- March 11, 2016
- Posted by: Craig Martin
- Category: Uncategorized
“You have to ask “why” a million times – to understand what aspects of consumer preferences are rooted deeply in history and culture.”
Agata Mitchell, International Food Industry Sales Leader, Chicago.
A native of Poland, Agata Mitchell, was a leader in Sales and Logistics for Kraft Foods for over 20 years. She has managed businesses spanning Europe, the Middle East, Africa, and North America. Agata has lived in Poland, the UK, and the US with her English husband and two children.
Craig Martin: Who were some of your role models growing up?
Agata Mitchell: My most important influence was my mother. I grew up within a family with a strong female influence.
My mother has always been a very strong, opinionated person. I grew up understanding it is my right to have an opinion. She would always encourage me, “Do what’s right.” In her world there is no grey.
So I learned from her the importance of very strong integrity and values.
What cultural values did you learn growing up to which you would attribute some of your success?
There are certain well-known traits of Polish people: hospitable, hard-working, proud, indomitable, rebellious, tenacious, and resourceful entrepreneurs. But we are also vocal, argumentative and often see the glass half empty. These are all deeply rooted in our tempestuous history. I can honestly say I do exhibit all of them.
I think it is important to be self-aware and situational. Being resourceful and tenacious has helped me many times to solve business issues and come up with solutions to drive growth. The fact that something has never been done doesn’t mean to me that it cannot be done.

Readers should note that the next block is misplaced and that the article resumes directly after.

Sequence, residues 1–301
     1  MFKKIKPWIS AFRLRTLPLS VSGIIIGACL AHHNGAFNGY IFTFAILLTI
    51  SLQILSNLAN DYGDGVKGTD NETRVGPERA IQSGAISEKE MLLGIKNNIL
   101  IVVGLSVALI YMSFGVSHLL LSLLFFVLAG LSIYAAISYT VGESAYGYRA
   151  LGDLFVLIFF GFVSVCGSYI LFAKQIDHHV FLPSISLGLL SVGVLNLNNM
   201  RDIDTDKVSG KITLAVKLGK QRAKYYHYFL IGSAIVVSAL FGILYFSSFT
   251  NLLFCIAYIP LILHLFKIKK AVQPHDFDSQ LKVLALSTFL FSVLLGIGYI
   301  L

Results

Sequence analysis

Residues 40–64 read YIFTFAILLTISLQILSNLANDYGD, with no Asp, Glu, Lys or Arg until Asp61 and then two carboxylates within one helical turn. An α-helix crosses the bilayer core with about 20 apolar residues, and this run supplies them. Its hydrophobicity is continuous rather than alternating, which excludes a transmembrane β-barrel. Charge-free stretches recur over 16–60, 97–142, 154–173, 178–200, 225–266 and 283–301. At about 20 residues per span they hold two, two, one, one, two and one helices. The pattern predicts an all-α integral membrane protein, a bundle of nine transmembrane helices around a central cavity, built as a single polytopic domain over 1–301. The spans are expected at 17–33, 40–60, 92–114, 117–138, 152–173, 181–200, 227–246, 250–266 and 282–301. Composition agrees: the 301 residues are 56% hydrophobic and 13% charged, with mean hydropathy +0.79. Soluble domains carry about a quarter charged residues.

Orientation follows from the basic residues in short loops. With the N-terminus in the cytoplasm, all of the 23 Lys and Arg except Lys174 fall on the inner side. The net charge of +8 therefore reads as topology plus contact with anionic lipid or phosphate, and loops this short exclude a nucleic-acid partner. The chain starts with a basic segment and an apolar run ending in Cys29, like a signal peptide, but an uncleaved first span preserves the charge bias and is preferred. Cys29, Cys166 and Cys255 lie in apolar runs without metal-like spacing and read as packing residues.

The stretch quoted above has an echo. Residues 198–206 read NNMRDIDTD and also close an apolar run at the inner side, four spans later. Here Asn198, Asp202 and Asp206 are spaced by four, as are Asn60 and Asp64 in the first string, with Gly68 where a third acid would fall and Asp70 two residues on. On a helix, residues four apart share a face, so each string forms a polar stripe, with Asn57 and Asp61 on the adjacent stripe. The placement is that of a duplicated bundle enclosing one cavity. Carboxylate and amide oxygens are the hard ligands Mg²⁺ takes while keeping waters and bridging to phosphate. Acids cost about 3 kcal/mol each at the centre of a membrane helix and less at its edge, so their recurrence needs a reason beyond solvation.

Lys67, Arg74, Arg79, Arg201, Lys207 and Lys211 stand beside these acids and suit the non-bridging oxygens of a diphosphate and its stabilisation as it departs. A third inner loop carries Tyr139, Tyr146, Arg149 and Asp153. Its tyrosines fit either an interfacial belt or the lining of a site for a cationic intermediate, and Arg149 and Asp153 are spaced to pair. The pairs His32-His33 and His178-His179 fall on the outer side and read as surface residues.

What was it like to experience the end of Communism and adjust to Western approaches as a businessperson?
Coming of age as a young adult at the end of the Communist era in Poland was challenging but it was also a great opportunity. Corporations entering the Polish market looked for young, educated, English-speaking people not tainted by the old system. I was one of them.
We Poles were underdeveloped by decades. So I had a much steeper learning curve. And this learning was broad. I worked in sales but I had to do imports, logistics, finance. For us, silos were non-existent.
The challenges were big but so were the rewards. If you were good you were quickly promoted. And we had a lot of fun!
You’ve worked in many countries. How has your leadership style evolved whileworking across a range of cultures?
I have lived in Poland, the UK and America. I have done business throughout Europe, Africa and North America. Being exposed to different national and organizational cultures has softened me around the edges. I’m still a relatively “black and white” person, but I am more open minded and understanding.